If you haven’t grown up in an environment that acknowledged the spiritual aspect of life, you might feel unsure and unconfident as for how to teach your children in this matter. As is true for all things, we can only share what we have experienced ourselves. I recommend that you begin with yourself and start developing a conscious connection to your own spirituality. Explore yourself as a spiritual being. There are many ways to do this – follow the resonance principle, ask your spirit guides, your ancestors, for support and guidance. Set your intention – and the path will reveal itself. Your children can be your teachers! Allow them to show you the way – they often know how to connect to spirit world and share their insights with everyone who is open to observe and to listen. Trees and birds and natural water sources can also be your guides on this journey.
Lie on the earth, walk barefoot through the forest, watch the clouds pass by and the stars at night…
Slow down and hold space. And in due time, you will discover and reintegrate long lost parts of yourself.
Create your own little rituals together with your children. Listen inside, trust yourself and don’t be afraid to go “wrong” – if you follow your intuition and set a pure intention, you will find your own access way to bring spiritual energies into your life. I wrote a whole book to help parents, educators as well as young ones, to get started and to share some ideas and tools to be in-spired – there is so much to be (re-) discovered on this topic.
On your quest it is good to remember that all of our ancestors have had their own spiritual practices and that we naturally are spiritual beings. If you feel “lost”, allow yourself to stop and to slow down. Immerse yourself in nature, ask your spirit guides to show up, connect with your ancestors – and trust that you will be shown the next steps. Also trust that your children will follow their own spiritual path – if their environment allows and supports this!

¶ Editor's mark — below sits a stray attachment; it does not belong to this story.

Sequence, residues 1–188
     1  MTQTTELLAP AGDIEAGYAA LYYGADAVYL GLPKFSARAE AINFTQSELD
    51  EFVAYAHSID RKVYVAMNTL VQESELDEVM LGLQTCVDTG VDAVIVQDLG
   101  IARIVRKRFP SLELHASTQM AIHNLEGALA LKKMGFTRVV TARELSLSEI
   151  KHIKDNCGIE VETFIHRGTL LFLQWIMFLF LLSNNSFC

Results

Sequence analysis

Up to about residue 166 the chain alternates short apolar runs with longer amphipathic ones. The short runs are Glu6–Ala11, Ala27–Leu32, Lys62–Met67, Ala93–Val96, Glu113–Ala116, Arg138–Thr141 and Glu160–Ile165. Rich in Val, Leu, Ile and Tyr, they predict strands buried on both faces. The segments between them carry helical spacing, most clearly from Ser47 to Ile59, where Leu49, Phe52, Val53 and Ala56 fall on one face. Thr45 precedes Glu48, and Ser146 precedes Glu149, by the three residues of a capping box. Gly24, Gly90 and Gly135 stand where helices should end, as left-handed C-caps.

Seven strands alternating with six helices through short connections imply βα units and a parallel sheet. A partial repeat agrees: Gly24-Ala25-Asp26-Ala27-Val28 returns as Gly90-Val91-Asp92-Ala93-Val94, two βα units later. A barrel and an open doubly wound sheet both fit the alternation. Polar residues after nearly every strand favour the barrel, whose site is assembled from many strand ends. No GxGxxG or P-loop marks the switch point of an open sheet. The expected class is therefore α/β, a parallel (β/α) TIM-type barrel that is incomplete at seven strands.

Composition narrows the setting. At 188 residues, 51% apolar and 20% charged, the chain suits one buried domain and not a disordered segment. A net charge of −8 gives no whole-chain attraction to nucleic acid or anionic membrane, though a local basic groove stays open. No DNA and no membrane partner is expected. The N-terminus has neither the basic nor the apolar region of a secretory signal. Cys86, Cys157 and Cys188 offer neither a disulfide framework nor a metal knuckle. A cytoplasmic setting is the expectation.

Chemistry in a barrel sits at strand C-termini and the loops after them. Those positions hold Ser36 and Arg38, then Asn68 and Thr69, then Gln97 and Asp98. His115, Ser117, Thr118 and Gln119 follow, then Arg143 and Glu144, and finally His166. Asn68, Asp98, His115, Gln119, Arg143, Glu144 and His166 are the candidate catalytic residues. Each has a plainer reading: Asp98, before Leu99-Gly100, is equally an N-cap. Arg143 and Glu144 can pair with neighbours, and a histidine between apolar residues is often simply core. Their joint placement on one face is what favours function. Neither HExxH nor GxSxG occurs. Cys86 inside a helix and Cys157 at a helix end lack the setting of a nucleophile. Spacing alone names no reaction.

When we follow natural cycles (e.g. moon cycles, seasons) and align ourselves to vital rhythms, we allow vital energies to flow freely and strengthen not only our physical, mental and emotional resilience, but also our connection to the spiritual realms. And if we (and, as a consequence our young ones) have a strong spiritual connection and awareness, anxiety and the feeling of being lost goes away. Spiritual connection allows us to feel safe and to calm our nervous system. It helps us to move and release (trauma/suppressed) energies and boosts our resilience, overall stability and a healthy balance. A strong spiritual foundation and connection strengthens and guides us from within and is the best gift we can give to ourselves and share with our community.
Here are some resources that you might find helpful to explore with your child(ren):
Dance into your Inner Light – book (paperback and ebook)
Dance into your Inner Light – guided imageries with music (instrumental and guided versions)
Power Tools for Power Kids – book (paperback and ebook)